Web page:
GAS CITY, Ind. — Excess weight and obesity is an issue that threatens the health and life expectancy of Americans.
The State of Obesity 2022: Better Policies for a Healthier America report found that 4 in 10 American adults are obese, and rates are climbing.
The report, based in part on 2021 data from the Centers for Disease Control and Prevention's Behavioral Risk Factors Surveillance System, tracks rates of overweight and obesity by age, race, and state. According to the report, Indiana is one of 19 states that have adult obesity rates over 35%.
Jennifer Pruss, a 45-year-old mother of two from Gas City, said as long as she can remember, she's always been bigger. Over the years, she tried diets and different exercise programs with limited success.
Last year, she decided to seek help from a bariatric surgeon.
"I just got to the point where I just want to do this for myself, finally," Pruss said.
Pruss opted for a Roux-en-Y gastric bypass surgery at Ascension St. Vincent after learning about her options at a free bariatric seminar. Her surgeon, Dr. Christopher Evanson, laparoscopically rerouted her intestine to a reduced stomach pouch.
"Patients who have Roux-en-Y gastric bypass surgery, those patients will lose closer to 70-75% of the weight that they are overweight in about nine months to a year," said Evanson. "In my view, the most important part of the procedure is the hormonal changes that happen very quickly after our procedures."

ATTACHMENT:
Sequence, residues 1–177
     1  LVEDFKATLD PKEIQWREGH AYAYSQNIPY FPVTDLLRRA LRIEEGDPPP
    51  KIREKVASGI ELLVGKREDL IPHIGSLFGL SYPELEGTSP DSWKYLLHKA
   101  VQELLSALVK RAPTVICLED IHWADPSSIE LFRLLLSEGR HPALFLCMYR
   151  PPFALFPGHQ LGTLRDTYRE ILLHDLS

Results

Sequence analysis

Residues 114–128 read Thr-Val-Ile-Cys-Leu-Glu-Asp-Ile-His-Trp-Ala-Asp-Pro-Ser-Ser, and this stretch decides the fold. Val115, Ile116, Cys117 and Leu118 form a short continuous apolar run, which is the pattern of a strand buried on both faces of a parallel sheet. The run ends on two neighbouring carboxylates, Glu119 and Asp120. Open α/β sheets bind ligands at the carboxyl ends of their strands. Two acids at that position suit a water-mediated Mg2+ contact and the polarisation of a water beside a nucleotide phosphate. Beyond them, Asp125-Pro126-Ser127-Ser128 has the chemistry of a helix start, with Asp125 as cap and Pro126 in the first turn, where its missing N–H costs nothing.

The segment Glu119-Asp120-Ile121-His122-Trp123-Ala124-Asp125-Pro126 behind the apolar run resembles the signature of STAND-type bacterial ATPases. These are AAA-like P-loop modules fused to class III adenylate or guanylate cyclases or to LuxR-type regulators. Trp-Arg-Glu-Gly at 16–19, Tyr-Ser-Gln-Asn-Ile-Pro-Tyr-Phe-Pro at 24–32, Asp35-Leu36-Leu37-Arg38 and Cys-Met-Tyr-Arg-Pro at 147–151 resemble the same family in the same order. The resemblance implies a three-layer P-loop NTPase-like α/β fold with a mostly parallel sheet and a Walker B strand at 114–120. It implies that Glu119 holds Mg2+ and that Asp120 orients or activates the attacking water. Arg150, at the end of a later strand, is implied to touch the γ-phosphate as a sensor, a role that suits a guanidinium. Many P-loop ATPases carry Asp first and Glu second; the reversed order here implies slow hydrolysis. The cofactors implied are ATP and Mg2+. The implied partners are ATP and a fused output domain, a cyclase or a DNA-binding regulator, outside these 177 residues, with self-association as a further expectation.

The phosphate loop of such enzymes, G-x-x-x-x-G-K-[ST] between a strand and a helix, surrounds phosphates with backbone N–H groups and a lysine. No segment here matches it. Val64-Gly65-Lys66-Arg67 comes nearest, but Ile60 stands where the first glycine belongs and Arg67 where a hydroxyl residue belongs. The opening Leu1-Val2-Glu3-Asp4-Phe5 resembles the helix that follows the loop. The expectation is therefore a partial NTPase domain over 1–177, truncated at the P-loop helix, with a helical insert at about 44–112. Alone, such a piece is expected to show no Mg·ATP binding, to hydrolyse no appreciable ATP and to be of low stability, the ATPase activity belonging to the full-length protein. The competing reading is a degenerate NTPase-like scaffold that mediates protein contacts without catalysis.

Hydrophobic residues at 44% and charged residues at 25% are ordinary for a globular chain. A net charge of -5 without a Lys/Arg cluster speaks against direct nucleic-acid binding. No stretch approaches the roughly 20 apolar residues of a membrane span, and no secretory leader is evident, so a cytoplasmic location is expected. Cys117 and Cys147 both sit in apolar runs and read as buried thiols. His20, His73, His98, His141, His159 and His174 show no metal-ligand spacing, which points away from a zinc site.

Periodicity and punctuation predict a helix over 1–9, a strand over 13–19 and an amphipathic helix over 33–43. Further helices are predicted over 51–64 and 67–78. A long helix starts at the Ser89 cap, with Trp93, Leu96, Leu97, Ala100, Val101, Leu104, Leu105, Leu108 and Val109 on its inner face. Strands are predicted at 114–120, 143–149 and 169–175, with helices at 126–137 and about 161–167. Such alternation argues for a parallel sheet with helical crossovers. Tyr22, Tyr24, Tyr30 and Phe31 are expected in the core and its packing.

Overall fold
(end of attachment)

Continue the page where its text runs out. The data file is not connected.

And results for Pruss are right on track. She's down from a high of 313 pounds to 158 in eight months. She said it's hard to process how dramatically she's changed in such a short time.
"My son, in particular, is just amazed...I came home two days before his prom last year and so all the prom pictures...he looks back on them now and he's just, 'Wow, mom! There is such a difference,'" Pruss said.
And Pruss feels better, too. She has more energy for work and life.
"I feel like I'm blooming. I feel like it's an awakening. It's just living life now so differently than in the past, and every day a new opportunity presents and I'm able to do it and it's really neat to live life like that, no longer hiding feeling like a skinny person in a big body," Pruss said.
Pruss is now off her blood pressure medication and no longer has challenges finding clothes that fit.
Doctors estimate less than one percent of people eligible for bariatric surgery pursue it as an option.
Evanson said people are unfamiliar with the risks and insurance coverage. Generally, patients should have a BMI (body mass index) of 35 or higher to be considered a candidate, and an overall health history is a factor, too. To learn more about weight loss support, counseling, diet, exercise, and an overview of surgical options, you may register for a free bariatric seminar.
For Check Up 13, there is a virtual option, as well.